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This article in AJ

  1. Vol. 103 No. 2, p. 413-421
     
    Received: June 10, 2010
    Published: Mar, 2011


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doi:10.2134/agronj2010.0265

Performance of Sulfur Diagnostic Methods for Corn

  1. Agustín Pagani * and
  2. Hernán E. Echeverría
  1. Unidad Integrada INTA Balcarce-Facultad de Ciencias Agrarias UNMP, CC 276, 7620 Balcarce, Argentina

Abstract

Sulfur availability indicators are necessary for rational use of S fertilizers. There are disagreements, however, about which S diagnostic method provides the best results for many crops. This work evaluates the performance of different S diagnostic methods for corn (Zea mays L.). Five field experiments with different rates of S and sufficiency of other nutrients were conducted in two contrasting areas in the Argentinean Pampas region. Measurements of some soil properties, grain yield, N and S concentration in total biomass, and chlorophyll meter readings (CMR) at upper and middle layers of the canopy were performed. Sulfur application significantly increased grain yield in four of the five experiments. Fertilization with S also increased total biomass, S concentration, and CMR depending on the experiment and crop stage, but rarely N concentration in total biomass. Soil indicators (especially sulfate-S availability) did not perform well as predictors of S response. Total S concentration and N/S ratio in biomass could be used to help characterize the S nutritional status at physiological maturity, since 89 and 72% of the samples were correctly characterized considering thresholds of 0.0095 g kg−1 and 11:1, respectively. Leaf greenness intensity could have a high potential as a predicting/characterization methodology of corn S status since acceptable linear relationships were found between corn relative yield (RY) and a new sulfur sufficiency index (SSI), based on CMR (R2 = 0.56 and 0.75 for the middle and the upper crop layer, respectively). Further research in areas with high levels of S deficiency will have to be done to validate the findings presented in this study.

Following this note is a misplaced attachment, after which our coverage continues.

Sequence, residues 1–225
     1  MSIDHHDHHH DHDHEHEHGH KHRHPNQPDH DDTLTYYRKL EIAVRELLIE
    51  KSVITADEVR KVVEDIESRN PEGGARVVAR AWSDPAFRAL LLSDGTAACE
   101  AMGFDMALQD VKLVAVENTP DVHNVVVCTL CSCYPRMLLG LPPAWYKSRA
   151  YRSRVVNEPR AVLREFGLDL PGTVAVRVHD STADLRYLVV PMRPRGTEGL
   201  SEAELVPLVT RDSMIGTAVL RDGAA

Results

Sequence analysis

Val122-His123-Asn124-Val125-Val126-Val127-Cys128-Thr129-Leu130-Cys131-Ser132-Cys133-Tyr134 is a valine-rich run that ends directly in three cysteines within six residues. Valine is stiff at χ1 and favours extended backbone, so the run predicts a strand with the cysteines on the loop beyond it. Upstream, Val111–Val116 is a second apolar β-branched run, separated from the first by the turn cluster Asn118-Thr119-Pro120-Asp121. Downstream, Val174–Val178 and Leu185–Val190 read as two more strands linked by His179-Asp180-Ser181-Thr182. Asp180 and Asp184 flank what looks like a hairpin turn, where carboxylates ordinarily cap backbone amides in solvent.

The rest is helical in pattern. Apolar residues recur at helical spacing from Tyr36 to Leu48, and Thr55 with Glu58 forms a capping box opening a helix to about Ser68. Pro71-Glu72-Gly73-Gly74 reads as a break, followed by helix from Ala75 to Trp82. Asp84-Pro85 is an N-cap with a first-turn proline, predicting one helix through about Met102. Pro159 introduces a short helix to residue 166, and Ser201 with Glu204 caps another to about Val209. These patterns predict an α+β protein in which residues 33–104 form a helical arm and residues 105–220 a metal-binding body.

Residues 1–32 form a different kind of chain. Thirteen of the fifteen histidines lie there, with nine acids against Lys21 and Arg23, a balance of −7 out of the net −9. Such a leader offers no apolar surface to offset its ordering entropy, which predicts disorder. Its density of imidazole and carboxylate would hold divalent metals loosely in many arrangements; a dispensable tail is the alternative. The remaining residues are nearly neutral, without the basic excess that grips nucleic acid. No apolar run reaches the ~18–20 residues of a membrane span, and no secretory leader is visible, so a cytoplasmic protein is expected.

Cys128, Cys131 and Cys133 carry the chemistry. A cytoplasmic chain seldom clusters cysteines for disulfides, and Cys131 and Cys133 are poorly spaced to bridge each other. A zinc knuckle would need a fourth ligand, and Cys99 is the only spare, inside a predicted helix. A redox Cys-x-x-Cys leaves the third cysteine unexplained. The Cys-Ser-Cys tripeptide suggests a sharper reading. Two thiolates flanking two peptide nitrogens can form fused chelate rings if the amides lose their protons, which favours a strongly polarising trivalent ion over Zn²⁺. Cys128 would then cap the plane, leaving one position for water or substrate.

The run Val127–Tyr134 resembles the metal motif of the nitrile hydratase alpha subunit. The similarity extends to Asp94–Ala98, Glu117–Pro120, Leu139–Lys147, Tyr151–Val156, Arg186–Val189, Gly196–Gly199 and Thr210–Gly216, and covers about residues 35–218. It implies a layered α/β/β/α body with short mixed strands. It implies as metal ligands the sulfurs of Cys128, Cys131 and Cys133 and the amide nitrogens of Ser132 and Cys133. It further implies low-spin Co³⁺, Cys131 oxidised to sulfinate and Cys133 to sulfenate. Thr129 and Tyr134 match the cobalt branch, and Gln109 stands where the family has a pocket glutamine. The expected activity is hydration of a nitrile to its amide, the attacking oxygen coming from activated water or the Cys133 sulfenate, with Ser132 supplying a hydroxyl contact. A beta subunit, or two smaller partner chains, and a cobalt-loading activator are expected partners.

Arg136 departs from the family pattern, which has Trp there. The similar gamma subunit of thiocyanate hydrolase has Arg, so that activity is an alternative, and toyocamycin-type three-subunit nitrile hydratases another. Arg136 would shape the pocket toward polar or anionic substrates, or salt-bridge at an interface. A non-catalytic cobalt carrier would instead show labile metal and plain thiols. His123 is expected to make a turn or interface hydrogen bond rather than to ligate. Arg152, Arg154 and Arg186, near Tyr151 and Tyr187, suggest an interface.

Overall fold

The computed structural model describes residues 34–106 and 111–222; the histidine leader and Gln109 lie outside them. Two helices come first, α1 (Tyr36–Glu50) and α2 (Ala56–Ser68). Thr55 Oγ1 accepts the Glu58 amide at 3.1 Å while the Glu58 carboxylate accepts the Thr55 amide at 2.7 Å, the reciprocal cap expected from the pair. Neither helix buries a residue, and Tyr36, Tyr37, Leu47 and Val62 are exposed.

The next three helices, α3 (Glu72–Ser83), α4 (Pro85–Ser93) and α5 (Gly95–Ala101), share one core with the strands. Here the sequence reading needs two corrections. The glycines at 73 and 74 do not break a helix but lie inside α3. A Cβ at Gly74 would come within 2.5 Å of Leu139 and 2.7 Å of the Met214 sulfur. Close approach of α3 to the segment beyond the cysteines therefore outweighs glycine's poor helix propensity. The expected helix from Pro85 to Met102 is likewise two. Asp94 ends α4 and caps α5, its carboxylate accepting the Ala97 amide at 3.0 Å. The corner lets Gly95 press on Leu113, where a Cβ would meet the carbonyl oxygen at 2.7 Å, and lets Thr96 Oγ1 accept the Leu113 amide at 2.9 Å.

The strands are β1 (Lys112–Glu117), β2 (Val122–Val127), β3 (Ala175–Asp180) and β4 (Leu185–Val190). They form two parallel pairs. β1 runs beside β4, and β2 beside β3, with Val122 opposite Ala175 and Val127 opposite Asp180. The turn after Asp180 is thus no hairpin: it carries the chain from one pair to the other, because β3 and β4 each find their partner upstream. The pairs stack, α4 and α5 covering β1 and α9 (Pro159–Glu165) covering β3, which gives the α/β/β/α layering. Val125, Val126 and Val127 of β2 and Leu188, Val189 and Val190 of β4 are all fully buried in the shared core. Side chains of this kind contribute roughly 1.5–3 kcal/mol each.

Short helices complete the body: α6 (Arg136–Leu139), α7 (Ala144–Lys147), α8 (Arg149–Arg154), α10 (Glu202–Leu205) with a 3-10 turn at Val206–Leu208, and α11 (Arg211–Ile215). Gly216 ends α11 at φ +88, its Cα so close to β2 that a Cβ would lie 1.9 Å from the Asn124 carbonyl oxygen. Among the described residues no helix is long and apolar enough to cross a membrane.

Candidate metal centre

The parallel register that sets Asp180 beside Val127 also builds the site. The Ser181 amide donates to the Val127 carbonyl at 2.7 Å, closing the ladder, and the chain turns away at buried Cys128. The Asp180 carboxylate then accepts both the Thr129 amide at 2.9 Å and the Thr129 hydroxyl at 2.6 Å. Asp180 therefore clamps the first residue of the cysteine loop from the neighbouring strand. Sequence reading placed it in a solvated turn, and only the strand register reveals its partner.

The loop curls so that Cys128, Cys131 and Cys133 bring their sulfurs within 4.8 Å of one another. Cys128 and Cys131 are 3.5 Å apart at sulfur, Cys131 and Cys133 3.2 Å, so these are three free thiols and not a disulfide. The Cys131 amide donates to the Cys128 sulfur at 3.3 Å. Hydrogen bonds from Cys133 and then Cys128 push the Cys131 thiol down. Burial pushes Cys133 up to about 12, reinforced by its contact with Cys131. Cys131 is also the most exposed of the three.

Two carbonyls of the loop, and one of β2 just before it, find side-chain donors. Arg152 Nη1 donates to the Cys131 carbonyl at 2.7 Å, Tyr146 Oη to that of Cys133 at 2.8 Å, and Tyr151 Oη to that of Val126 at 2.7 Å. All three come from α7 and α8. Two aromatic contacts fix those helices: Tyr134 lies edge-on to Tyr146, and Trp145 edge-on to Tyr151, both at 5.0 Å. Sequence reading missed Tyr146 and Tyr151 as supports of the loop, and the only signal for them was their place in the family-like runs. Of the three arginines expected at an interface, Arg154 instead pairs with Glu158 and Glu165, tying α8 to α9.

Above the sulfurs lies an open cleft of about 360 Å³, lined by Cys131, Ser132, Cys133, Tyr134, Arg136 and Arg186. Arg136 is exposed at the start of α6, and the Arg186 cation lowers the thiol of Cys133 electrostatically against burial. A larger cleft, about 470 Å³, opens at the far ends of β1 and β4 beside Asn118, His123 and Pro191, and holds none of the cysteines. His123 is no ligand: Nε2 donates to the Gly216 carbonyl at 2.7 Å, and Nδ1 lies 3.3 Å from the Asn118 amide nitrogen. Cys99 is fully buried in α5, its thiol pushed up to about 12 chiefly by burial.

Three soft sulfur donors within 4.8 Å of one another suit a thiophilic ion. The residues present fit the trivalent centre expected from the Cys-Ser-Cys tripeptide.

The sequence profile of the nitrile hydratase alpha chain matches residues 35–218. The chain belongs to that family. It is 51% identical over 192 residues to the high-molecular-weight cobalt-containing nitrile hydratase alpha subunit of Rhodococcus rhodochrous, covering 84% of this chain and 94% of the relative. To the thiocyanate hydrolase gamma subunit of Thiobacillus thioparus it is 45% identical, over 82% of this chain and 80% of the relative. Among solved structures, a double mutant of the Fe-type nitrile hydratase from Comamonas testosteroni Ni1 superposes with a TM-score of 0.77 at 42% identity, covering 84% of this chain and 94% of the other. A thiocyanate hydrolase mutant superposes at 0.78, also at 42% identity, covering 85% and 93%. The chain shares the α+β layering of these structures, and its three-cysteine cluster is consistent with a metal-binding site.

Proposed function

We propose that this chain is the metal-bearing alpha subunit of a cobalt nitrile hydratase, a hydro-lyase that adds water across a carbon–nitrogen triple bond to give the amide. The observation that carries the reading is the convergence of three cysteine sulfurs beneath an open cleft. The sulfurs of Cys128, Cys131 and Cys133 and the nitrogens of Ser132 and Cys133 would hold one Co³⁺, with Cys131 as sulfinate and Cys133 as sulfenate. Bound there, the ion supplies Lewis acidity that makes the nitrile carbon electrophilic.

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Copyright © 2011. American Society of AgronomyCopyright © 2011 by the American Society of Agronomy